The Department of Statistics released the 2019 Domestic Tourism Survey yesterday (June 30, 2020), right on schedule as it always has, at the end of every June. The survey covers domestic tourism in totality and not in parts as often viewed in isolation by individual industries, sectors or players.
For example, retailers are focused on shopping, which is the biggest expenditure by domestic visitors, whereas hoteliers target tourists that stay overnight away from home, while restaurant, food outlet and stall operators look forward to more excursionists coming their way.
Shopping, automotive fuel, food and beverage, visited households and accommodation are the biggest five recipients in domestic tourism and accounted for 85.7% of all expenditure by domestic visitors that include tourists and excursionists on day trips, with most of them driving their own vehicles.
Less than 1% was spent on tour packages; of those, they were mainly nature or adventure tours with services provided or arranged at destinations by tour operators. Most domestic tourists that fly book their own flights and accommodation online, and use e-hailing service for local transport rather than use tour agencies nowadays.
The 2019 Domestic Tourism Survey reported there were 239.1 million visitors, 332.4 million trips and RM103.2bil was spent in expenditure. Naturally, these figures will drop this year because of the Covid-19 outbreak and the earlier stages of the movement control order (MCO) that discouraged Malaysians from travelling within the country. We are now in the recovery MCO stage and shopping malls have seen an increase in footfall, especially over weekends. Queues formed at retail outlets offering attractive promotional sales when customers lined up to sign in and have their temperatures checked before entering.
But many restaurants remain nearly empty and quiet as people have not switched back to the “old normal” when it was usual to dine in packed surroundings with little fear of communicable (or, for that matter, non-communicable) diseases.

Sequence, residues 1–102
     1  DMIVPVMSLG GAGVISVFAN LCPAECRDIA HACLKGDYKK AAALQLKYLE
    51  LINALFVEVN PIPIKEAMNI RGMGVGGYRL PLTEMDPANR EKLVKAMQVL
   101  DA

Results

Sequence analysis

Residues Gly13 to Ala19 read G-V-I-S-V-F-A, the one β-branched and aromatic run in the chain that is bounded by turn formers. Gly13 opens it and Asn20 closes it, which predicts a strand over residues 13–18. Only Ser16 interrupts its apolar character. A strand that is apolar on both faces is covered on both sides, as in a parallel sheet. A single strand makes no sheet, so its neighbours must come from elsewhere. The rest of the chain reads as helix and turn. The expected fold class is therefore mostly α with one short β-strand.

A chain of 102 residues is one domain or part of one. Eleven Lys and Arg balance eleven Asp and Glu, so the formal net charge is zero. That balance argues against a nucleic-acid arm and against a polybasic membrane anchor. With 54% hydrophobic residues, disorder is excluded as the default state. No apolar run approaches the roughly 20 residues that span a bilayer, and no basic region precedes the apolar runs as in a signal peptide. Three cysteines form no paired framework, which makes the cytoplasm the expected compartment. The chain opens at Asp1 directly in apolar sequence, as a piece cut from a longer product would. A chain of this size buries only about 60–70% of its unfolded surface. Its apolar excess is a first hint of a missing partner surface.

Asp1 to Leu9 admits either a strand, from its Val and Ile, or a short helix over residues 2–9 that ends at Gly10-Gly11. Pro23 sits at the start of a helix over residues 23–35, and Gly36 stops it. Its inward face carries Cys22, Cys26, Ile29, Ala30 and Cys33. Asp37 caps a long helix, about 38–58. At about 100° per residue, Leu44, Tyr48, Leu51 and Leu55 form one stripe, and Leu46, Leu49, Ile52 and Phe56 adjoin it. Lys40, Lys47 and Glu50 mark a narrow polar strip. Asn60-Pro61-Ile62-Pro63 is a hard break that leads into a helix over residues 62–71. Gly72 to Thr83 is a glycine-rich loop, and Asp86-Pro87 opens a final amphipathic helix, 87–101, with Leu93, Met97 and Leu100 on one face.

And with businesses suffering from little or no income but saddled with high overheads such as rent and wages, many tourism enterprises will soon close if they haven’t already. Those that have taken loans hoping to tide themselves over the crisis period will continue to bleed and end up with more debt. Whether it is taxpayer’s money through government funding or banks compelled to provide risky loans, it will be throwing good money after bad. With the government’s coffers surely near empty, it would be better to cut further losses and conserve whatever cash is left for more productive use.
While those that have invested in properties such as hotels or tour buses are stuck with depreciating assets with poor market value, others could just bail out if they are only renting premises or vehicles for their operations and resume at the right time next year or thereafter. But many do not want to let go of their businesses after investing so much time and energy to build them up. Although many people naturally evolve with minor changes and adjustments, most cannot adapt to large changes and economic shocks or they are not bold enough to switch to a different field entirely for a new beginning.
In the United States, many of the oldest or biggest companies, including well-known brands, are closing or scaling down their business. The sooner they let go, the better the chances are they can rise from the ashes, as they could spend time planning instead of running around and putting out fires.
Those who want to cash in on domestic tourism will be successful if they can create something new and interesting to offer. But the majority will be dishing out more of the same, believing that more online advertising and promotions will reach out and attract customers. This may be true during the good times, when many jumped on the tourism bandwagon. But this is the time of the pandemic. Apart from looking at hygiene standards, safety and security, tourists are also looking for meaningful activities and experiences.
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